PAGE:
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SD WAN: How to choose between DIY and a Managed Service

Questions to help choose between DIY vs Managed SD WAN

When you move to SD WAN, you will be taking on a network that remains complex despite SD WAN, and one that still retains the underlay that you’ve always had.

Here are three decisions that will need to be made:

  • Who will own the design and the understanding about this network?
  • Who will do the work to roll out the overlay and underlay?
  • Who will do the work to manage the overlay and underlay?

Ten questions to help choose between DIY and Managed SD WAN

Here are some questions to help you decide whether you want to do this work yourself or whether you would prefer a managed service to do it for you.

  1. Do you want to retain CCIE or equivalent skills to design the network and troubleshoot tricky problems?
  2. Do you want to manage the procurement and provision of circuits?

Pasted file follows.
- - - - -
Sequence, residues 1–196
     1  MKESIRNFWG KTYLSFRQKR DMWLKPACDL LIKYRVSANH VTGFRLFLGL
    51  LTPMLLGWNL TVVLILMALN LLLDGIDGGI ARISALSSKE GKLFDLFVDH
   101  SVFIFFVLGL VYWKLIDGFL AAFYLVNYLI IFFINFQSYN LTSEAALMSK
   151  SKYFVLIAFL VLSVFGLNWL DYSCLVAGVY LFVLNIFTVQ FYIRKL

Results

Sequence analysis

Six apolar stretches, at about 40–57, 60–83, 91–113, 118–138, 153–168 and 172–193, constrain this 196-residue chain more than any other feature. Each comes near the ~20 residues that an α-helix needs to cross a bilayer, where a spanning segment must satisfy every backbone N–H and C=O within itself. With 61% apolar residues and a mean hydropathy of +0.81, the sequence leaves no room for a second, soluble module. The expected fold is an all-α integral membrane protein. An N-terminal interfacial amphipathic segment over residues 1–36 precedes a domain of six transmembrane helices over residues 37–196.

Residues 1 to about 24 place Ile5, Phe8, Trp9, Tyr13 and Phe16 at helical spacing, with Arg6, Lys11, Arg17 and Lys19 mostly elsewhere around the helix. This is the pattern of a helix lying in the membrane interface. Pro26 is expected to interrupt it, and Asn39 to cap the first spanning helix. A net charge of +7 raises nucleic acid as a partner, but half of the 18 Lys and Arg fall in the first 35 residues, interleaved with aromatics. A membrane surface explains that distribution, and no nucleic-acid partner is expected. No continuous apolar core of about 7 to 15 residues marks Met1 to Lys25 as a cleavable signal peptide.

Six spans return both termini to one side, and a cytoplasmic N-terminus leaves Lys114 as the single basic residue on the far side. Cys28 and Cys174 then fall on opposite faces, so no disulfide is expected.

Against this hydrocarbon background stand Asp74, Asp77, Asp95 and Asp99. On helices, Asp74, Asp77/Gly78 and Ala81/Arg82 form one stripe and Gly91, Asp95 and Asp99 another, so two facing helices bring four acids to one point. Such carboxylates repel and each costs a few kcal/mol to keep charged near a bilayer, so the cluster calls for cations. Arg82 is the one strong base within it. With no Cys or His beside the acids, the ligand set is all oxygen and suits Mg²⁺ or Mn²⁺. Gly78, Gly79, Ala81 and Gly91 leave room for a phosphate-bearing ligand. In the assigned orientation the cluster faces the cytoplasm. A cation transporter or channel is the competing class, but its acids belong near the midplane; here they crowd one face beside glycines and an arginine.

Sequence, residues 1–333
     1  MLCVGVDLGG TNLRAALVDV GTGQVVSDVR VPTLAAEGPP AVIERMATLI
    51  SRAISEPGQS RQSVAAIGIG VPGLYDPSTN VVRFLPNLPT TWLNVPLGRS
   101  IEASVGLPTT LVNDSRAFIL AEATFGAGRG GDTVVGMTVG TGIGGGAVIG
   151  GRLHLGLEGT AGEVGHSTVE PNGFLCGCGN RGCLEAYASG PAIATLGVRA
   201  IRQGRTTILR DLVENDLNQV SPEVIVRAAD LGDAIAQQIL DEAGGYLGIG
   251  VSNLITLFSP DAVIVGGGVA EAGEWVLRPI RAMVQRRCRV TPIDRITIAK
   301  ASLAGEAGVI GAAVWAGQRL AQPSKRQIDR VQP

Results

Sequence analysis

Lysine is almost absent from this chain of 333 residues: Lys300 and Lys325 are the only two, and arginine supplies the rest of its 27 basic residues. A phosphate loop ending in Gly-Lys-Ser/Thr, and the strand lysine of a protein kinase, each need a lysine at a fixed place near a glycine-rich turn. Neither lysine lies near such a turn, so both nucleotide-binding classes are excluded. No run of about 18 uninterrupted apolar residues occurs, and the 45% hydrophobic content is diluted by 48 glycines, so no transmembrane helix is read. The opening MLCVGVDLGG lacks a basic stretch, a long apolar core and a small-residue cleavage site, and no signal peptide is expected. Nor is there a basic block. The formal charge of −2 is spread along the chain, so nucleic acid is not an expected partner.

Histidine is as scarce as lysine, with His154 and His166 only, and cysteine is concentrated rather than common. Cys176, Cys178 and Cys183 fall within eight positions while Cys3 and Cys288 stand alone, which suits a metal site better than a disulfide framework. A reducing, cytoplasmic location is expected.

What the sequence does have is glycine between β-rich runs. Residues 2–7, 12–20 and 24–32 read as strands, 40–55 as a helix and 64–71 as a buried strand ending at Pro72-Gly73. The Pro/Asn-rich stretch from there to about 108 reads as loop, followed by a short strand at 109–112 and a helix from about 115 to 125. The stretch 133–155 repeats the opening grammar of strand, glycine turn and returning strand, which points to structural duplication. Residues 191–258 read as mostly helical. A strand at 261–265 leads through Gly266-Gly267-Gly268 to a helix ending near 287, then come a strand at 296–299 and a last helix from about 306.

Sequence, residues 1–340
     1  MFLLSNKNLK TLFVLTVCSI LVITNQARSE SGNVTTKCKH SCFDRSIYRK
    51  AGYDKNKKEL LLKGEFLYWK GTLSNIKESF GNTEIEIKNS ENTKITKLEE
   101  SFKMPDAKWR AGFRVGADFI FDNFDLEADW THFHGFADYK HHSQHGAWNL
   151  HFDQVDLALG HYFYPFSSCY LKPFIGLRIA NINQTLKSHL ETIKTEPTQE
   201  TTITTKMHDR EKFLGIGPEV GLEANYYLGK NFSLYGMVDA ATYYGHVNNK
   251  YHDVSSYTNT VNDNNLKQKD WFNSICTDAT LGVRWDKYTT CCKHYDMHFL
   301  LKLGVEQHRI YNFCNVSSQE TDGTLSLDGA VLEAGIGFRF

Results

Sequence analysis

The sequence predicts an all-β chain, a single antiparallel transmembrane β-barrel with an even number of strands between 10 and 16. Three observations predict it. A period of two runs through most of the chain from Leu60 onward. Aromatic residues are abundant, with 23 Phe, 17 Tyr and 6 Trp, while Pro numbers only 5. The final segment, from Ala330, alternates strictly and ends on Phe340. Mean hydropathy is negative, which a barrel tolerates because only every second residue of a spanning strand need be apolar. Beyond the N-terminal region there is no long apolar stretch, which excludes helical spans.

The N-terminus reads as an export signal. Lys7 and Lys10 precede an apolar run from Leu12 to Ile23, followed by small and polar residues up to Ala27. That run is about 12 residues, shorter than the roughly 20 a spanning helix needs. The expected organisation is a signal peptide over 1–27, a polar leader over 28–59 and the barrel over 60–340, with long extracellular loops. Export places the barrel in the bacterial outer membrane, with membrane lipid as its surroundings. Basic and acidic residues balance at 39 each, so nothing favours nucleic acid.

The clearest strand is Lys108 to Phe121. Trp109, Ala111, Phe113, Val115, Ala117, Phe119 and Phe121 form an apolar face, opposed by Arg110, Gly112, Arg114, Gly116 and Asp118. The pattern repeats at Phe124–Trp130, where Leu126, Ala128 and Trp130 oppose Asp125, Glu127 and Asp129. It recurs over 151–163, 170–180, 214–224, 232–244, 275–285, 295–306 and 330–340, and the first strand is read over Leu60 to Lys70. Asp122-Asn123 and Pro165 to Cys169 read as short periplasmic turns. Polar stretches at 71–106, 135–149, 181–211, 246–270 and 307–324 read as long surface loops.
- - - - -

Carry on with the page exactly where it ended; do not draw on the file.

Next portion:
3. Do you want to project manage the deployment of your WAN?
  4. Do you want to run a field engineering team to deploy and then support in-life?
  5. Do you want to supply the WAN helpdesk staff required for 24x7x365 cover?
  6. Do you want to manage the traditional parts of your network that might still be needed? 
  7. Do you want to be the place where the buck stops?
  8. Do you want to manage connections to Cloud?
  9. Do you want your team to manage the network or to concentrate on adding value to your business? 
  10. Why are you using a Managed Network today and how many of those reasons still apply with SD WAN?

For more detail on these questions, read: How to choose between DIY and Managed SD WAN.

Do you want to retain CCIE or equivalent skills to design the network and troubleshoot tricky problems?

With a DIY SD WAN you would need to design the network and manage not just the devices and software, but also the circuits, carriers and underlay performance. It might be easy to roll out changes using SD WAN but you still need expertise to handle the underlay and deal with subtle performance issues or difficult problems arising.

Do you want to manage the procurement and provision of circuits?